Stop Saying "I Just Have To Get Through..."

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Happiness is not something you postpone for the future; it is something you design for the present.
— Jim Rohn

Do you ever catch yourself saying, “I just have to through X”?

  • I just have to get through this week.

  • I just have to get through this phase with my toddler.

  • I just have to get through this project at work.

  • I just have to get through today.

Then…

You tell yourself that if you get through whatever is tough right now, life will get easier, you’ll have more time, you’ll be happier, more relaxed, more fun.

Life will be better once we’re through this hard stuff.

But the truth is?

There will always be more hard stuff.

There will be another tough parenting phase, where your kid is struggling with some new thing or they’re potty training, or they’re teething, or they’re not sleeping. There will be another challenging project or conversation at work. There will be another week where life feels crazy and you think you’ll never catch up again.

That’s life. The hard times are always going to be there.

Looking ahead or counting down can give you a quick boost of strength or energy. We genuinely think that by “making it through” things will get better.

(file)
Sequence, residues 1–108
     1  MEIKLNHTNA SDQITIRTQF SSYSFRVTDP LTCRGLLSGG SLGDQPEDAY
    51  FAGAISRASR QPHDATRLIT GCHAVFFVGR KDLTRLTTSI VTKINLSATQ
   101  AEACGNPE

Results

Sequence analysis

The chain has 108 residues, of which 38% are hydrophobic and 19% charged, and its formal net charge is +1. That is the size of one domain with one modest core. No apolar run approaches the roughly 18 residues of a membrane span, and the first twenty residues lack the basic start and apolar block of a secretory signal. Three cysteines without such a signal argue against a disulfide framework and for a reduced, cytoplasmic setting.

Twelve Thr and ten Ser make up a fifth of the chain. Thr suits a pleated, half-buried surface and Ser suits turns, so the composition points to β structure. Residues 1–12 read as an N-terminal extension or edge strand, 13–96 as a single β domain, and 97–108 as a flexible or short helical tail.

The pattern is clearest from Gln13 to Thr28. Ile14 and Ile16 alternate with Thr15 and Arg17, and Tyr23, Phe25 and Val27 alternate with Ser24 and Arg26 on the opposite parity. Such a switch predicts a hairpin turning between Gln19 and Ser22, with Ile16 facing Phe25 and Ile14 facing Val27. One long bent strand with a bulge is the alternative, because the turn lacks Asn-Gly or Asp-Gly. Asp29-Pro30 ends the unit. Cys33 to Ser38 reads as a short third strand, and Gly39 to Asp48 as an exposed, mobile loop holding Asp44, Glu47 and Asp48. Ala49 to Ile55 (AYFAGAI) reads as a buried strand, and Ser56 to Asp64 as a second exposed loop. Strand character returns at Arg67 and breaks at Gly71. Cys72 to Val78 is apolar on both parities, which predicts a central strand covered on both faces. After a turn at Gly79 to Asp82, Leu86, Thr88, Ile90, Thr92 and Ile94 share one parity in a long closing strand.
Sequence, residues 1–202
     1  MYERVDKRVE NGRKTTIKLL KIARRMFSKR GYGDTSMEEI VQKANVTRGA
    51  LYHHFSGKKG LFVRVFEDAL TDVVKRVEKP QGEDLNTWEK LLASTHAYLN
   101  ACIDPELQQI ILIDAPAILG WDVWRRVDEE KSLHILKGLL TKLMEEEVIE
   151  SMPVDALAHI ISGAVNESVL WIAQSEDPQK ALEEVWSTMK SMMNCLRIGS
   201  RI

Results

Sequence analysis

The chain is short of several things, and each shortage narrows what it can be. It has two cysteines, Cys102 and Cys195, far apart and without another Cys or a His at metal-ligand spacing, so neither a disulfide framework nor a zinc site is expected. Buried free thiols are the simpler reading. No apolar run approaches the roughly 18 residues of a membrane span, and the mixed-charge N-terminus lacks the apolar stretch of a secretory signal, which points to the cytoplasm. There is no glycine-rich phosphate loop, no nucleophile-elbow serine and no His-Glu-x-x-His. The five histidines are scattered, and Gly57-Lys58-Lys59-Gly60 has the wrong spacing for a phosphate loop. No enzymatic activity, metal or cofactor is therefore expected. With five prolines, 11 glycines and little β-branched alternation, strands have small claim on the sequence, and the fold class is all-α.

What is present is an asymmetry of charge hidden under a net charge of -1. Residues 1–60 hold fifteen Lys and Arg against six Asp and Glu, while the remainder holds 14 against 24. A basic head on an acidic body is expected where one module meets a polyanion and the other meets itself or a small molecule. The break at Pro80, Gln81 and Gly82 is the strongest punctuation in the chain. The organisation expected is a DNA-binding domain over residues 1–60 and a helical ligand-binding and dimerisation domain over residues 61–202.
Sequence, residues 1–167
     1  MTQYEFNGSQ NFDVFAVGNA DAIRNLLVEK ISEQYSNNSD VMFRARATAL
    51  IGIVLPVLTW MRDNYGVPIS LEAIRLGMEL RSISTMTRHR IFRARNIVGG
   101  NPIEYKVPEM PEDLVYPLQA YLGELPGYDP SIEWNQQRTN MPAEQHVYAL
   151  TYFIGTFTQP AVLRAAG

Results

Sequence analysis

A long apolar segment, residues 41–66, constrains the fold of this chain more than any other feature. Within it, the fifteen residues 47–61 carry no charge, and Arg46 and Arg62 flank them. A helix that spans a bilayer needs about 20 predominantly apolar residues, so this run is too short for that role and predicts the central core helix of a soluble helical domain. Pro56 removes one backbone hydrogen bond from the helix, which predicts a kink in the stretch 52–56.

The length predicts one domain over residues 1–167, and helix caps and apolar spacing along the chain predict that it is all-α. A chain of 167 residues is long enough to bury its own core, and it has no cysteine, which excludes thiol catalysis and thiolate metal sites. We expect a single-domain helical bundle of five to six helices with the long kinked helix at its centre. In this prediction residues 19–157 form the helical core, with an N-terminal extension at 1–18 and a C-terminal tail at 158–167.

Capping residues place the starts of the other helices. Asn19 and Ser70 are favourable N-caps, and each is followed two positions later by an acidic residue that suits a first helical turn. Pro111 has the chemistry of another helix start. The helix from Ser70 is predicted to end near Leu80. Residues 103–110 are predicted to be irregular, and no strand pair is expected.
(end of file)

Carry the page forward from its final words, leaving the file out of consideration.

But what are you missing about RIGHT NOW? What can you learn? What can you appreciate despite what feels hard?

When you tell yourself you just have to get through something, it sends the signal that the now, the short-term, is just to be endured. It indicates that there’s nothing good about the present. The good only exists after you get through it.

What if instead of focusing on what comes next, you focus on what is? Even if it’s hard.

What if you look for the good things?

  • The project that you’ll get to add to your resume.

  • The skill that your kid is learning despite what feels like 2 steps forward, 1 step back.

  • The baby snuggles that you get at the end of your workday.

  • The tasks that you DO cross off despite the long list.

When you start looking for good, when you ask yourself what’s good about today, or this week, or this season, your mind wants to answer. In fact, you’ll probably be surprised at the number of answers it starts to find when you’re asking what’s good, what’s enjoyable, what’s this teaching me?

Put that question on a note on your laptop. See the reminder, and ask it as often as you see it. What’s good?

Wishing away your days is what makes for regret. Getting through your life is not actually living your life.

Yes, it can be hard. That’s what life is. But it’s also full of good. You just have to remember to look for it instead of wishing it away.